Coalition government in its review of Prevent, as a result of which the
Department of Communities and Local Government (DCLG) has placed renewed
emphasis on the value of cross-community cohesion.
This case study is based on two areas of research, both focused on young
women's sexual health, conducted by Hoggart and Newton between 2009 and
2013. The first concerns abortion, and the second concerns long-acting
reversible contraception (hereafter LARC). The research has had the
following impacts: sexual health policy has been influenced; the delivery
of sexual health service has changed; guidelines have been informed;
practitioners have used the research findings; new clinical processes have
been adopted; professional training has been influenced by the research;
and industry has invested in research.
PADS+ casts light on the causal mechanisms for crime, highlighting how
the interaction between people and settings leads to acts of crime. As a
result PADS+ has advanced the scientific basis on which policing and
criminal justice strategy and crime prevention policies can be formulated
in the UK and abroad. Three types of impact are claimed: (1) initiating a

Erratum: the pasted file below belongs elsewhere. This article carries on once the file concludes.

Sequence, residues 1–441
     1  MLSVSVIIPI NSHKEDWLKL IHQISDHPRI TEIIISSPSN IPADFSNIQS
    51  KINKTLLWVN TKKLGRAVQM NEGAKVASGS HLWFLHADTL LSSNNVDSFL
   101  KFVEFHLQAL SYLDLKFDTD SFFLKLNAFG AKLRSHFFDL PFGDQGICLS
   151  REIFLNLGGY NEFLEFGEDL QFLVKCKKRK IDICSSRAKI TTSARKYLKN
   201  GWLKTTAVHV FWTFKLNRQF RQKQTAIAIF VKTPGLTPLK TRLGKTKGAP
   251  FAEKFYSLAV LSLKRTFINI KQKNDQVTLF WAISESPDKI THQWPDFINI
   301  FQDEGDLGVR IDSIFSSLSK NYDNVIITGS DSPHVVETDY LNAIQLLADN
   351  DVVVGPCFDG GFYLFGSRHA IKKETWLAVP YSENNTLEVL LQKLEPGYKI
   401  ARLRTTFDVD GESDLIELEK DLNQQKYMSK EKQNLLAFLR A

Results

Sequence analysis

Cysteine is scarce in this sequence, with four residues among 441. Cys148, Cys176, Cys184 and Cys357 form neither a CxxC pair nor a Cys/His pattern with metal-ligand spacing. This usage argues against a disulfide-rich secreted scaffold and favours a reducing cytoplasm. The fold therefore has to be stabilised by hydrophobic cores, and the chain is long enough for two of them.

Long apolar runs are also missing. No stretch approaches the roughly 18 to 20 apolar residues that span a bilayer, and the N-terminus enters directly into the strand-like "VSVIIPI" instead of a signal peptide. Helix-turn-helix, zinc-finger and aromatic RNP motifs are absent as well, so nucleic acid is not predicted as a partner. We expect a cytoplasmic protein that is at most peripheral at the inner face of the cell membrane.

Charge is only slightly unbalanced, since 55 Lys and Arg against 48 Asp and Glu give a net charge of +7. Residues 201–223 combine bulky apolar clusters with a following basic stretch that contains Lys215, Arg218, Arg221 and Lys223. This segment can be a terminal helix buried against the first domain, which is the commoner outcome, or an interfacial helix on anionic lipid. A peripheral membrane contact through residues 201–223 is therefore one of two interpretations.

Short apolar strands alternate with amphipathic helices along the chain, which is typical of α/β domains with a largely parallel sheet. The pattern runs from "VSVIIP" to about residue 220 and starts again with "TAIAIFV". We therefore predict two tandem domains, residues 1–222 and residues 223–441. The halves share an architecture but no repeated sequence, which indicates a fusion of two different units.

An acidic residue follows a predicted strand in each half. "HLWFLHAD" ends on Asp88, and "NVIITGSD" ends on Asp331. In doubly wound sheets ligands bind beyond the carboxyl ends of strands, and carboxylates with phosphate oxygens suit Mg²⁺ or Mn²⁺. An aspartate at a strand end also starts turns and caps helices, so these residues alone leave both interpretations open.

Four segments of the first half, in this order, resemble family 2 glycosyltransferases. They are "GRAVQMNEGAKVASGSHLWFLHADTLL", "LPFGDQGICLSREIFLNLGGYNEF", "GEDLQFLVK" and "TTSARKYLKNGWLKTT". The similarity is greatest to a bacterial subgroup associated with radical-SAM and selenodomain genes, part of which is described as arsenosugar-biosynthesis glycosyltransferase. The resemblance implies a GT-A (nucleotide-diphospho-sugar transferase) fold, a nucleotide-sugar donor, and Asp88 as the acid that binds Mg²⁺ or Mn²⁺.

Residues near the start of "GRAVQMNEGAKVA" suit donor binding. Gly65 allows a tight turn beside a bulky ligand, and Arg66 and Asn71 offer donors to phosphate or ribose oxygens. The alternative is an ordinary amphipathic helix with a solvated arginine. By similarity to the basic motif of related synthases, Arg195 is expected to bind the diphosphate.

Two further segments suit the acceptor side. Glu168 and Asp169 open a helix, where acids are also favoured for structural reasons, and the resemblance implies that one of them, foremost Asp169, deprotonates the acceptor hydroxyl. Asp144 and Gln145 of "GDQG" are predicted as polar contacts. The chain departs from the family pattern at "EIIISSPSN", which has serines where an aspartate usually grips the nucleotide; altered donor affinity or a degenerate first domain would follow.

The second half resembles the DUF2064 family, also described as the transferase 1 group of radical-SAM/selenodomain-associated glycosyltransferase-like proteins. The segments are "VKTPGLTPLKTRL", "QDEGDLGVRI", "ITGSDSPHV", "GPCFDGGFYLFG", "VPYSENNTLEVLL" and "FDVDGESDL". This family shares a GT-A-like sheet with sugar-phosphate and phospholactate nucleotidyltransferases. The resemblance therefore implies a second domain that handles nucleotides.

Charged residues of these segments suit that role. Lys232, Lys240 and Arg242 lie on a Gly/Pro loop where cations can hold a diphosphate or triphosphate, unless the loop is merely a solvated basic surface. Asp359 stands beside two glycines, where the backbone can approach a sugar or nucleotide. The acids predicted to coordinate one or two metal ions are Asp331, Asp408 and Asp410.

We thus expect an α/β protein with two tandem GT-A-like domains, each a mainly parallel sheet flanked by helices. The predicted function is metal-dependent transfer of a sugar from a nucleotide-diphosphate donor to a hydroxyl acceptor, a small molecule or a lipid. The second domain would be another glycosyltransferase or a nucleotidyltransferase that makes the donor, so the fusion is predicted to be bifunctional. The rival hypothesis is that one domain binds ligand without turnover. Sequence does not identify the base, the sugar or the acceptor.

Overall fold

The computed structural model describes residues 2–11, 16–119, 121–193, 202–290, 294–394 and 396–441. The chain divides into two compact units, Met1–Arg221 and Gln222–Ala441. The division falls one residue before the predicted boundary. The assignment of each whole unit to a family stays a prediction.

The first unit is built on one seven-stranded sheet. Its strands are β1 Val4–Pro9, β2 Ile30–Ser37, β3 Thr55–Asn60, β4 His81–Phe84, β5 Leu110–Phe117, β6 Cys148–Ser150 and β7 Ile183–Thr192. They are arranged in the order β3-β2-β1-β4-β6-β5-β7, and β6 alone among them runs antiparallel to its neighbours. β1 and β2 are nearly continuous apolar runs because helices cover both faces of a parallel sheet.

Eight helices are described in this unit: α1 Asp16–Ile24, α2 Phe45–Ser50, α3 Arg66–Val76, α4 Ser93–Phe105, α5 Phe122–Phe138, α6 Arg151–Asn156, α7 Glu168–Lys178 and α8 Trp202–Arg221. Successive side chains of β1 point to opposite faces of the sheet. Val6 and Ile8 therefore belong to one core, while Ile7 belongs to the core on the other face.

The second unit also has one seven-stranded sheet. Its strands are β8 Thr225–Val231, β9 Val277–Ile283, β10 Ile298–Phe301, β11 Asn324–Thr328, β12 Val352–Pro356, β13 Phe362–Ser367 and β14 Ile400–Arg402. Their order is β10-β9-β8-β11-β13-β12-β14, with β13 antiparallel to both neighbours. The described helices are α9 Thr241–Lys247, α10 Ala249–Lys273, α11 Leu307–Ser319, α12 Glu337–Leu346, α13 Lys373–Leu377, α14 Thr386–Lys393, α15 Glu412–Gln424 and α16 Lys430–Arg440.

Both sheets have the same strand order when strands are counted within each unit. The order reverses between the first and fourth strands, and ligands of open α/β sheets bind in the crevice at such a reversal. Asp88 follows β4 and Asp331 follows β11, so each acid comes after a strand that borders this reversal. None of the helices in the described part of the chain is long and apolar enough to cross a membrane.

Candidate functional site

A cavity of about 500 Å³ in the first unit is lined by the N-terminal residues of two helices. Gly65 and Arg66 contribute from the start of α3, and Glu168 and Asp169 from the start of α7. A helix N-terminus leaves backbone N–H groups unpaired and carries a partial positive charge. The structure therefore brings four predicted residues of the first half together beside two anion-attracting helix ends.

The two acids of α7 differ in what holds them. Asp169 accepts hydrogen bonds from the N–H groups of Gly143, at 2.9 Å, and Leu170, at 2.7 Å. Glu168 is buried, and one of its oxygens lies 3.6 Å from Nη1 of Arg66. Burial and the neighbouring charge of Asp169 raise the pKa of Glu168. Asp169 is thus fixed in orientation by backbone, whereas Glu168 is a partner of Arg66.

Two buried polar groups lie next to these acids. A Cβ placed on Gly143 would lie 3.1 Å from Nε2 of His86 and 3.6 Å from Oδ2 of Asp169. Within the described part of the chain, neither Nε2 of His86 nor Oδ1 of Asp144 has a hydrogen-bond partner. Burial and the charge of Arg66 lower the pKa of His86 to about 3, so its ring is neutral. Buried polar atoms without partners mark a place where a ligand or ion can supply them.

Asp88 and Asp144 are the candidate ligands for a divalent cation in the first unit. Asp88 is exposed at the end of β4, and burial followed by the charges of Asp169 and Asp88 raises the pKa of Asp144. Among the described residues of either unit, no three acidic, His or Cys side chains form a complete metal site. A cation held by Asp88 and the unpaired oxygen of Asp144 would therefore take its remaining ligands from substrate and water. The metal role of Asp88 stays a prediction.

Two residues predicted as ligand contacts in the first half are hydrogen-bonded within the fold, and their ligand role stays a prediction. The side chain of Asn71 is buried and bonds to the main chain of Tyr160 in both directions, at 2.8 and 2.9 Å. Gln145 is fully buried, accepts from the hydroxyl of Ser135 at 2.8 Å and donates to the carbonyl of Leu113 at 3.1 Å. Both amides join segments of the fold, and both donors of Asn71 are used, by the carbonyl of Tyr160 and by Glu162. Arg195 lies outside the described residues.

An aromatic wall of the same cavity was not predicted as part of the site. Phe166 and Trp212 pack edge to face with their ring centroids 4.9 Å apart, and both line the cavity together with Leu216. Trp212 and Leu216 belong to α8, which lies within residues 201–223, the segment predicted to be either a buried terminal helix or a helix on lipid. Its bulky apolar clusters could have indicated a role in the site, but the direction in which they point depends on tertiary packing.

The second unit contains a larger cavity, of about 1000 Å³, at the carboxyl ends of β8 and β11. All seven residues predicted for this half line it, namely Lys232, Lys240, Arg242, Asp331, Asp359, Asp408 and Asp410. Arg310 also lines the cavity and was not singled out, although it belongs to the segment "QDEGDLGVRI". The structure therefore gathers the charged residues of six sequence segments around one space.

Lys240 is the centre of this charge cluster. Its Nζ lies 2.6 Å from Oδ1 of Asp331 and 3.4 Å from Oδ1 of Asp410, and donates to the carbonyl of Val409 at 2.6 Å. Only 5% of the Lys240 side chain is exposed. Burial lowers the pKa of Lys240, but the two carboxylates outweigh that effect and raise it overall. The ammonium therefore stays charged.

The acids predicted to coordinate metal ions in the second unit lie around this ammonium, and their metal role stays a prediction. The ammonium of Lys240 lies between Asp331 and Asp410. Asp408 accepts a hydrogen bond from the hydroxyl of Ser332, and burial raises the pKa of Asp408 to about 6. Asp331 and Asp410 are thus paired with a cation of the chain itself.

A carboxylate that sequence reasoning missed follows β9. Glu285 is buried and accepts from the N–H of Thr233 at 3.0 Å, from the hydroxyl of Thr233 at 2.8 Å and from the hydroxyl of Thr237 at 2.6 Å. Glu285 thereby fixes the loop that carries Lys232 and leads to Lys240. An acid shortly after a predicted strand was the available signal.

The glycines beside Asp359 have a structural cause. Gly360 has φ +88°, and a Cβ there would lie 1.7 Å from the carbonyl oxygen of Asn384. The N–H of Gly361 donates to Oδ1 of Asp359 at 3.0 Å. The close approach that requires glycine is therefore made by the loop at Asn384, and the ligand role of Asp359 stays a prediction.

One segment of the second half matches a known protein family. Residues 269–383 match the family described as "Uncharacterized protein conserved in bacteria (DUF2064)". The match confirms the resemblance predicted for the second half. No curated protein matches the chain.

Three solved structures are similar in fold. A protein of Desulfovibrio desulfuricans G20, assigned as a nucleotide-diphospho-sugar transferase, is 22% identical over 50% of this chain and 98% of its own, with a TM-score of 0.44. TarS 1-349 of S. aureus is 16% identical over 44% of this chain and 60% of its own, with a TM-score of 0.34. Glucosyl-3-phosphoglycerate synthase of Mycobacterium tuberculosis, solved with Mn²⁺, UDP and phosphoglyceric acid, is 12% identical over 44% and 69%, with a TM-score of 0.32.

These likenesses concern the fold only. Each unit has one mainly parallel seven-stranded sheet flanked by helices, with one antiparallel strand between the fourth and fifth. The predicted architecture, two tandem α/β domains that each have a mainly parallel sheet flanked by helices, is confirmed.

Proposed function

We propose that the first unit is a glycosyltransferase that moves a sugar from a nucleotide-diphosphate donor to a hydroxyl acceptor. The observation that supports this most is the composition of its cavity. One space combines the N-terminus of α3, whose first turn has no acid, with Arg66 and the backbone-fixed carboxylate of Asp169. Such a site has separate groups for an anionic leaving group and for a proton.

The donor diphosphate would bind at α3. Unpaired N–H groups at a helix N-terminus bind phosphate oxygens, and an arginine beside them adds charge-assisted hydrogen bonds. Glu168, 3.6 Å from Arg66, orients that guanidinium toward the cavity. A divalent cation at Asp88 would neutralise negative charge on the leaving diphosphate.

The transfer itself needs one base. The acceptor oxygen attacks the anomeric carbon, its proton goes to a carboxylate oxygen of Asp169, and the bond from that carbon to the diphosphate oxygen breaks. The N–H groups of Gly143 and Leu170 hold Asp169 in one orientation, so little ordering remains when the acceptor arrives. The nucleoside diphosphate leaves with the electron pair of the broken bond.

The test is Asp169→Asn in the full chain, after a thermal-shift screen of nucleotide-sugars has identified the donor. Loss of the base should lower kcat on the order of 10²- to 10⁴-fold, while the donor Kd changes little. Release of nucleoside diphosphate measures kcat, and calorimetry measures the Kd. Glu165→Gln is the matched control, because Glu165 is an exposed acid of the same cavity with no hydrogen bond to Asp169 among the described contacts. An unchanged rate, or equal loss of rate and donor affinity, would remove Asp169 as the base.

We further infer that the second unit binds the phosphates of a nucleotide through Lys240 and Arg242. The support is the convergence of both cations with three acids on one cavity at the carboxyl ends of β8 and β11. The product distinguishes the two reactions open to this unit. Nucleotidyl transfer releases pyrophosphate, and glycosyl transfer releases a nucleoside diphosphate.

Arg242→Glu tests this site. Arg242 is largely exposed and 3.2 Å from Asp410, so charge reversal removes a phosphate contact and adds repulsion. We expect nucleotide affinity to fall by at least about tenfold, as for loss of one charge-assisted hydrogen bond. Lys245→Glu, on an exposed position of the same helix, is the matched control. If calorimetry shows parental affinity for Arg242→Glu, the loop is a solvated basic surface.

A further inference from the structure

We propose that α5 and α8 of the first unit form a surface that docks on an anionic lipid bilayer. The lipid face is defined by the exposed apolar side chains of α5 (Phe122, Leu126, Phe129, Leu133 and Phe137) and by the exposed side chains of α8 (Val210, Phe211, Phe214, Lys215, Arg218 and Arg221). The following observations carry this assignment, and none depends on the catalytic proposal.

move away from a broad-brush risk factor approach to the explanation and
prevention of crime towards a focus on key causal factors and mechanisms;
(2) being recognized and utilized by policy makers; (3) contributing to
social science education nationally and internationally.
The research addressed the lack of insight from research, policy and
practice in relation to adolescents who are neglected within families.
Findings have informed policy development at a national level, and were
the basis of a guide to good practice, published and circulated widely by
the (then) Department for Children Schools and Families ((DCSF), now the
Department for Education (DfE)), and a guide for young people to increase
their awareness of neglect, published and circulated by the National
Society for the Prevention of Cruelty to Children (NSPCC). At a local
level, researchers worked intensively over 18 months with the whole senior
management tier from Children's Services in one local authority to enable
understanding and refocusing so that adolescent neglect becomes a
legitimate part of practice. Managers went on to enable the shift in
practice with their teams, and adolescent neglect has been included in
revised safeguarding screening tools approved by the Local Safeguarding
Children Board (LSCB).
Between 25% and 33% of all perpetrators of sexual abuse in the UK are
children or young people. Policy and practice in relation to this group
has been under-developed. The research detailed in this case study
constitutes a body of work that has identified gaps in service delivery
and has significantly advanced policy, training, treatment services, and
assessment and intervention practices for this group of children and their
families. The research findings have led to a shift across key service
providers, including Barnardo's and NSPCC, away from adult sex offender
approaches towards more child-centred and holistic interventions.